3D printers may soon get better at producing intricate metal and plastic parts, thanks to new software developed at the University of Michigan that reduces harmful heat buildup in laser powder bed fusion printers.
Called SmartScan, the software demonstrated a 41% improvement in heat distribution and a 47% reduction in deformations in a recent study.
It’s also likely to speed the manufacturing process in two ways: by reducing the need for printers to slow down to help with cooling and by significantly reducing heat-caused defects that must be corrected after printing.
Laser powder bed fusion is a form of 3D printing used in aerospace, automotive and biomedical industries to manufacture parts that are too intricate to make with conventional manufacturing. It uses a laser to fuse layers of powdered metal or plastic together. But the laser’s heat can build up in the delicate parts being printed, causing deformation and other defects.
“This problem gets even more serious for parts with really thin features,” said Chinedum Okwudire, U-M associate professor of mechanical engineering and corresponding author of the paper in Additive Manufacturing. “The heat doesn’t have a lot of room to spread, so you need to be smart about how you move the laser around, otherwise your part will deform in really weird ways.”
SmartScan tackles the problem by considering how heat flows within a given part and mapping an optimized scan sequence to limit heat accumulation in any given area. It analyzes the shape of the part and the thermal properties of the material being used, including conductive and convective heat transfer.
Others in the field have experimented with varying printing patterns to reduce heat buildup, for example by jumping from one area to another or alternating between horizontal and vertical scanning directions. But Okwudire says SmartScan is the first solution that uses a thermal model to optimally guide the laser to distribute heat more evenly.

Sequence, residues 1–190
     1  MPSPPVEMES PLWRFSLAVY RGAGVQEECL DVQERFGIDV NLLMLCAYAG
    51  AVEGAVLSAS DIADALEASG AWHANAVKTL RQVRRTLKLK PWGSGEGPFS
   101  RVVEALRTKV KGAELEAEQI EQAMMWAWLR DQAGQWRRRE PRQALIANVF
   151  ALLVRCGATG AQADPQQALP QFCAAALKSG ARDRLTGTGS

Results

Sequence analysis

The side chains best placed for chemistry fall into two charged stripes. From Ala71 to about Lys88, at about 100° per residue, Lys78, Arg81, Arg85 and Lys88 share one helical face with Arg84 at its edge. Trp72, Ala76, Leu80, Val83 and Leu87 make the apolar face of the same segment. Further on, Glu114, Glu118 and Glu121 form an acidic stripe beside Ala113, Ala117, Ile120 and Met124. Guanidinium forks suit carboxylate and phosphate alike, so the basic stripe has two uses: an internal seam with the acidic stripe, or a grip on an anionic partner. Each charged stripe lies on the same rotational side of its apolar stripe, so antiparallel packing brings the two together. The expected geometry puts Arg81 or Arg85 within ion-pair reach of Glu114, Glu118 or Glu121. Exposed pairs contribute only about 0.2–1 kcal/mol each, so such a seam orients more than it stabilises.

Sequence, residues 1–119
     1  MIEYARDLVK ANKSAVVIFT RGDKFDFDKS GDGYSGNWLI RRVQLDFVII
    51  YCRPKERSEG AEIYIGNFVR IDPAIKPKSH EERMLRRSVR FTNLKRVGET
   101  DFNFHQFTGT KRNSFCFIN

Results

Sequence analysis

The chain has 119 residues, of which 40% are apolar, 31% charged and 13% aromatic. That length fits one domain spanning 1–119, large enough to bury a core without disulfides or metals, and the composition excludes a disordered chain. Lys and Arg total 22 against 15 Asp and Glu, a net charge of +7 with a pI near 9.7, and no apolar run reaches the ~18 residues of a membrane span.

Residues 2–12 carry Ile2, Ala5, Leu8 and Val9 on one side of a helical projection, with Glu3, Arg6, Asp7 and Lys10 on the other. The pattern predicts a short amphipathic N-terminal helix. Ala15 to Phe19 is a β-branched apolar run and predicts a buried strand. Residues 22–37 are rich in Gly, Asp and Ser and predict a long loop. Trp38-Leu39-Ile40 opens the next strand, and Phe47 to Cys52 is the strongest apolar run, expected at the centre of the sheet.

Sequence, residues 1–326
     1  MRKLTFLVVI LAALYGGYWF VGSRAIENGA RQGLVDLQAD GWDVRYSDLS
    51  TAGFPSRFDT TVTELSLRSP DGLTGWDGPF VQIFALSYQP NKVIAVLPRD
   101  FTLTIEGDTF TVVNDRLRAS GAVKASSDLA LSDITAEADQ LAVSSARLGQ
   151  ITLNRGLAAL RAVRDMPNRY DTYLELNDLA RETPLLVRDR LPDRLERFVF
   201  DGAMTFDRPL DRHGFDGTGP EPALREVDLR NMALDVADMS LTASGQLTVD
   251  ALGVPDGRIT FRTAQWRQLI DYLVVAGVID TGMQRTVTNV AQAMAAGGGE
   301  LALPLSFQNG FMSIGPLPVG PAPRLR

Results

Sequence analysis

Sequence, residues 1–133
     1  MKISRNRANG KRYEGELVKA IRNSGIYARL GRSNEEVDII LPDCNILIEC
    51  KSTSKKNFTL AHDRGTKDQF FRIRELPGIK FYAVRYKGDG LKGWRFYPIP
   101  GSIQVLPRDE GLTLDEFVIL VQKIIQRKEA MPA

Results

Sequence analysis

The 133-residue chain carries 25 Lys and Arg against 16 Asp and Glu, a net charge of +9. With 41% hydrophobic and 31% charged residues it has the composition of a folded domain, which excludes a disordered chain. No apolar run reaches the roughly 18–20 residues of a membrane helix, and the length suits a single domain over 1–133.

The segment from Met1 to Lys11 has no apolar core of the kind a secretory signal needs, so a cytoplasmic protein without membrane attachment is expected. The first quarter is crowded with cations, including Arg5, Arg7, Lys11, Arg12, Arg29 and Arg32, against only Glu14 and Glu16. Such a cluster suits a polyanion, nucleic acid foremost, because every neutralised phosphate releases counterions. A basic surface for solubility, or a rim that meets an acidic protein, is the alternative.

“When you bring science into it, you can do it in a way that is better and works for even the most intricate parts,” Okwudire said.
To determine the effectiveness of this first version of SmartScan, the researchers used a laser to imprint an identical pattern on two stainless steel plates. They used the SmartScan process for the first plate and switched to traditional printing patterns for the second plate. The prints made with SmartScan were consistently less warped and showed more uniform heat distribution during the marking process than the other methods.
Based on the results of the experiment, the team is confident that, with further research, they’ll be able to adapt SmartScan to build full 3D parts. They plan to further improve the software by factoring the fusing of metal or plastic powder into their thermal modeling, as well as enabling active updating of a scan sequence during printing based on real-time observed temperature measurements using an infrared camera.
“The results are very promising, and we’ve gotten a lot of positive feedback,” said Okwudire, who has started to demonstrate the software to industry partners. “We went with a simple model because it works, and it works better than the trial-and-error approaches used today. We wanted to focus in a direction that is practical and truly has the chance to make a difference.”